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Fundamentals of Supporting ERP-Linked Databases

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On average, the majority of ERP systems rely on three or more databases to complete their tasks. Keeping these integration points scalable as transactions increase (in an order management system, for example) takes forethought and planning. Exacerbating this problem is the need to show audit trails during Sarbanes-Oxley audits. Louis Columbus examines the integration points that merit special attention.
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Supporting an SAP, Oracle, or Microsoft enterprise resource planning (ERP) instance from one or more databases requires a special set of tasks and tools to ensure high performance and continued database and ERP instance reliability. For example, a strong focus on integration and the day-to-day health of adapters and connectors—many of which are built to support batch-oriented production workflows such as order management—means much more monitoring than is the case in other database implementations.

In my experience, adapters can scale up to three database connections per SAP R/3 instance; after that point, adapters tend to degrade total ERP system performance. This article discusses such practical lessons learned from working on integration projects linking databases and ERP systems.

Managing Integration Points Effectively

In the manufacturing companies with which I've worked, an average of three to five databases are integrated to an ERP system. Building our own connectors and adapters for SAP R/3 took more time than integrating to our own homegrown ERP systems, mainly due to the learning curve on ABAP, the SAP programming language. Buying an adapter to connect databases to an ERP system can run from approximately $15,000 for a setup that's merely functional to more than $50,000 for one capable of real-time asynchronous updates and transaction and pricing support. In short, there's a huge variation in the quality of adapters available for connecting databases to the ERP system(s) of choice in your company. Adapters can scale only so far, however; it's crucial to define a performance benchmark and watch overall system cycle times to see when you may need to revamp an adapter's structure or move toward a more advanced solution, such as an enterprise application integration (EAI) platform.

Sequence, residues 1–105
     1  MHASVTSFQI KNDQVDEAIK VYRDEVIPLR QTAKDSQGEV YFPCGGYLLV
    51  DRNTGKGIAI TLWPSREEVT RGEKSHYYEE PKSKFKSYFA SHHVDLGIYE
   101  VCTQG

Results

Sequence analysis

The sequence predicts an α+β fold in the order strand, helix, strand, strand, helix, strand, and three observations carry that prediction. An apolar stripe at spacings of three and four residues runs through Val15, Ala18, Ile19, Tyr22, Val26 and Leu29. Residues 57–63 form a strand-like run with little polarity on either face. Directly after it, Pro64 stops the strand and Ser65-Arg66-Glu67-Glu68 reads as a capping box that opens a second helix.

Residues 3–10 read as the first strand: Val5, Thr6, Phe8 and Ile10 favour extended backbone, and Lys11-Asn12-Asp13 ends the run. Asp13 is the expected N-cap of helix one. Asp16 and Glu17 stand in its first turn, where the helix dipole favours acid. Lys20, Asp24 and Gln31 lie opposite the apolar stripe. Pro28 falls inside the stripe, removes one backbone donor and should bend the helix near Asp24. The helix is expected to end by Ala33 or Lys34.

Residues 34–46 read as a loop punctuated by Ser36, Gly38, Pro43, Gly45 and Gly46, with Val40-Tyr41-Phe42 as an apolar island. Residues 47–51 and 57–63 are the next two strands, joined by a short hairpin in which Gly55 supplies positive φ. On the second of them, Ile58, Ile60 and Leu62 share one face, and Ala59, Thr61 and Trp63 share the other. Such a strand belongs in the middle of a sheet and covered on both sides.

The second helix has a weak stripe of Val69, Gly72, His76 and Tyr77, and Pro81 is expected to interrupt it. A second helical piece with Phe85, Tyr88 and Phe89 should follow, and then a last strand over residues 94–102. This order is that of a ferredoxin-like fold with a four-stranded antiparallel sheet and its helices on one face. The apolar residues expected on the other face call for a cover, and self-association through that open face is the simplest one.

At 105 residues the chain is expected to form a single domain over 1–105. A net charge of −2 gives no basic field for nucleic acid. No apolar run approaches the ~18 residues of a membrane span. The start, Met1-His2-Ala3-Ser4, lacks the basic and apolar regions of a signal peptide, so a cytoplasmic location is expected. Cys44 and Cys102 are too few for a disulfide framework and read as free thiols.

Following are some of the rules I've learned from working with adapters and connectors to complete integrations to ERP systems:

  • Adapters and connectors will typically scale to up to five applications within the ERP system you're using, including the accounts payable and accounts receivable databases. (These two databases are responsible for the majority of the traffic on any ERP system.)
  • ABAP programming is transaction-oriented. If you're running an SAP R/3 instance or later, consider having an adapter just for order workflows and scheduling, between production centers and the main R/3 instance(s).
  • ERP vendors want you to believe that every connection needs to be in real time, which in many systems is overkill. Consider making a roadmap of the specific connections and their frequency of use; such a tracking plan can help to prevent overspending on adapters, connectors, and EAI tools. Too often, manufacturing companies in particular revert to real-time connections with a batch-oriented approach to integration, when in fact batch-oriented connections between systems are all that's really needed. Many businesses continue to rely on periodic updates of transactions; real-time transaction support is driven not by the integration strategy but by the business needs of the manufacturer.
  • When the ERP system you're running goes through a major upgrade, perform scalability testing on adapters using revised Bills of Materials. New elements in a Bill of Materials can affect integration through adapters, and often impact performance when a manufacturer moves to more complex products over time.
  • If you've developed your own adapters, certify them with the appropriate ERP vendor. For example, while your custom SAP adapter may handle the day-to-day work of transferring data sets, tablespaces, and pricing tables to ERP scheduling systems, will the ABAP programming approaches taken by your adapter handle a move to an XApps-based ERP platform in the future? In short, adapters and connectors need to be checked out with ERP vendors to ensure upward compatibility. Oracle, SAP, and others have downloadable kits specifically for this purpose.

The ability to keep integration points current with an ERP system requires a focus on the scalability of the adapters and connectors themselves, periodic stress testing with updated Bills of Materials, and testing of the adapter structure relative to the future direction of the ERP platform.

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